Detecting Seizures

Detecting Seizures

More and more stories are cropping up about cats that know when their owners are about to have seizures and sometimes go to amazing lengths to warn them. Take the story of 19-year-old Nathan, for example, whose cat Lilly can always tell when her owner is about to have a seizure, and often warns his parents beforehand.

Once, during a particularly bad seizure in which Nathan had stopped breathing, Lilly licked his mouth until his breath came back. While scientists suspect this ability has something to do with detecting biochemical scents, the details of how it works remain a mystery.

How a Sixth Sense for Pets Can Save Human Lives

Learn how some dogs and cats can identify seizures and even, sometimes, cancer.

For people who suffer from seizures, even a short trip to the grocery store can be a terrifying experience. It’s difficult to accomplish everyday tasks while constantly wondering if you’ll be incapacitated or even injured by a sudden neurological attack. Unfortunately, science has yet to discover a way to consistently predict seizures or to warn sufferers when they might occur.

But pets have proven surprisingly useful in accomplishing what, for humans, seems impossible. Both dogs and cats have been able to alert their owners of impending seizures, and sometimes other illnesses as well.

Nathan Cooper, a 19-year-old college student with epilepsy, has a cat named Lilly, who paces up and down the stairs and meows loudly when he’s about to have a seizure. Her behaviour allows Nathan and his parents to prepare for his seizures by making sure he’s in a safe place and that someone is present in case he needs medical attention. Nathan’s mother is convinced, as she told the UK’s Daily Mail newspaper, that Lilly has saved Nathan’s life at least once. Several other cats have reportedly shown similar behaviour, but the phenomenon is relatively new, and scientists have yet to study it in detail.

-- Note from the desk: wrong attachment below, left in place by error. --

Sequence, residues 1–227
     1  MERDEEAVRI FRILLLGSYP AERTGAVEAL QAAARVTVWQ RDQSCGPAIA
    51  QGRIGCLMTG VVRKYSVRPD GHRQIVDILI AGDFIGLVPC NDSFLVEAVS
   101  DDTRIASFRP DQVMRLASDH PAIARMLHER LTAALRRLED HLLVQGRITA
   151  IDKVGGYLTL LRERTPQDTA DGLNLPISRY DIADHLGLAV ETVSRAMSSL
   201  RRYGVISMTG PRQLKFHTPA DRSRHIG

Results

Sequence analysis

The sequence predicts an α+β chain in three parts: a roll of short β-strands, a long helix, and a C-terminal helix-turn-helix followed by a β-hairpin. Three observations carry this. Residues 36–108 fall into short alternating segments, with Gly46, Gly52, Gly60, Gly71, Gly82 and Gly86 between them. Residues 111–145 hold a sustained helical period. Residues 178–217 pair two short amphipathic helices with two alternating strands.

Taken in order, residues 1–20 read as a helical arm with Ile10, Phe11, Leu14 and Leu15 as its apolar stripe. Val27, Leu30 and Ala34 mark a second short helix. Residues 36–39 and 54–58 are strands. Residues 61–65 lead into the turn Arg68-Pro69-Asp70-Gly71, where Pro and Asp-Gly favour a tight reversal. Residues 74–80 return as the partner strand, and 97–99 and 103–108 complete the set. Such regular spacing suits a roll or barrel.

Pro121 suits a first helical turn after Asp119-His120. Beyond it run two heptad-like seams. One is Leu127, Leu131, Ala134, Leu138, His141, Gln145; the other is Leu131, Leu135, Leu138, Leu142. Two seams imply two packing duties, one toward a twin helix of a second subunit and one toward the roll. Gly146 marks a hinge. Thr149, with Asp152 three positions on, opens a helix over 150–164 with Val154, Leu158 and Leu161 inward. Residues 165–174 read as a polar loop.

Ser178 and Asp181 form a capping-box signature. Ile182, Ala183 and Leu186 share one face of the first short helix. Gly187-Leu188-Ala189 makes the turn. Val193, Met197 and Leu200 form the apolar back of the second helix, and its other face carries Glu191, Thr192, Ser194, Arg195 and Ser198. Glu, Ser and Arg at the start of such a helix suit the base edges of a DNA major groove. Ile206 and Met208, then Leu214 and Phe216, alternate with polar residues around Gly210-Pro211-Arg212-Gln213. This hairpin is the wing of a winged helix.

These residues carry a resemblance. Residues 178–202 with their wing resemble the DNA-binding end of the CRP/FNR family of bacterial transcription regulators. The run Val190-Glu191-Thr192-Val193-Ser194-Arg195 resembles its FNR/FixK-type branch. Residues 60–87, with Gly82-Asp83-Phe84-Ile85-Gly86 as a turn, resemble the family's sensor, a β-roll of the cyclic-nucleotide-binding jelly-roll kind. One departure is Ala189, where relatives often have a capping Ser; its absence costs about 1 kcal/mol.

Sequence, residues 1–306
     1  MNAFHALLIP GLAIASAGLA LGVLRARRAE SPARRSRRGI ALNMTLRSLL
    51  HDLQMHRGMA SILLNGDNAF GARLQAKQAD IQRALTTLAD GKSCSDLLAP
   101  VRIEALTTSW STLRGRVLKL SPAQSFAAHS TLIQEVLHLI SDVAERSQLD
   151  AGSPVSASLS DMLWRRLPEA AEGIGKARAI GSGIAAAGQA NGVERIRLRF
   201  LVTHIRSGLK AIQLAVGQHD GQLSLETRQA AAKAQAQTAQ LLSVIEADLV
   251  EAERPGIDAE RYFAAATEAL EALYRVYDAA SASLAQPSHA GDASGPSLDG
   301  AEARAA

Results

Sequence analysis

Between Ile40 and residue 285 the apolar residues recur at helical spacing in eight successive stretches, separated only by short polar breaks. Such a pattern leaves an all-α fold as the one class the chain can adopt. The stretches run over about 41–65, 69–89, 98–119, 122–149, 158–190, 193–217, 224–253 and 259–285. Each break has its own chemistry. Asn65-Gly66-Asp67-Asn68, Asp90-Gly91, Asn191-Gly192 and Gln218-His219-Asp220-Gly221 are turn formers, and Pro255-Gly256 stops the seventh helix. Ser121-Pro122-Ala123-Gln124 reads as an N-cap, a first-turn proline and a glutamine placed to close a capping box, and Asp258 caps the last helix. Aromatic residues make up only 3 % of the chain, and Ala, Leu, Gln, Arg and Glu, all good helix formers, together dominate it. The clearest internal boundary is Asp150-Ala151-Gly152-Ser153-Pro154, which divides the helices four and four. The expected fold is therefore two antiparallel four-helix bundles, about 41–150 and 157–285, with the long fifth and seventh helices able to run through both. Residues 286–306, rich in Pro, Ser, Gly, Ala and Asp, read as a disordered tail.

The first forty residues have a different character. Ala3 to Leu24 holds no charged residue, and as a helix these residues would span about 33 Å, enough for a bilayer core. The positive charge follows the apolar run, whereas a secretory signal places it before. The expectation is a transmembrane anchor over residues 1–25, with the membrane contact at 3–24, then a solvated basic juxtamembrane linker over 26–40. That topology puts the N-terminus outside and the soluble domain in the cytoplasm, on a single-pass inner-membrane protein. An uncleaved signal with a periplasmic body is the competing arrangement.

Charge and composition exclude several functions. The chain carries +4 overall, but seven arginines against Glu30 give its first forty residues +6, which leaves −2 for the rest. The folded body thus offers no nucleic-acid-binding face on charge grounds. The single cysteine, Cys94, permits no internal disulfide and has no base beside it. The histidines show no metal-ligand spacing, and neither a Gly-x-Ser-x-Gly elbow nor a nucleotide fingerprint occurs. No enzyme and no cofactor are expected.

While cats who sense seizures are rare, dogs who can do so are becoming more and more common, and many have been registered as service animals. These dogs can’t be taught to recognize seizures, but rather are born with the ability and trained to communicate their knowledge to their owners. There are a few organizations devoted to finding and training these talented dogs, but, because the ability is undetectable until a dog is exposed to someone who suffers from seizures, providing enough dogs for all those who might need them is a difficult task. When someone with epilepsy has such a dog, however, the relationship can be life changing. As Donna Jacobs told National Geographic, her adopted German Shepherd puppy, Patra, gave her a second chance at life, transforming her from “a recluse…afraid to go anywhere,” to a successful businesswoman by allowing her to find a job and live a normal life. Patra alerts Jacobs to her seizures by butting her head into Jacobs’ knees, and, according to Jacobs, is never wrong about an impending attack.

But it’s not just seizures that pets are learning to detect. A 2006 study showed that dogs have the ability to detect cancer in many patients by smelling their breath. Researchers are uncertain what chemical or scent is detectable to dogs that allows them to accomplish this feat, but it could be a useful preliminary step for cancer detection, and may lead to new methods of finding cancer by chemical means.

For centuries, humankind has recognized the uncanny abilities of many animals to predict things that seem to be unpredictable, but only recently have we begun to recognize the potential of our pets to save lives by telling us when we’re sick. Hopefully, we can continue to discover and benefit from these remarkable abilities.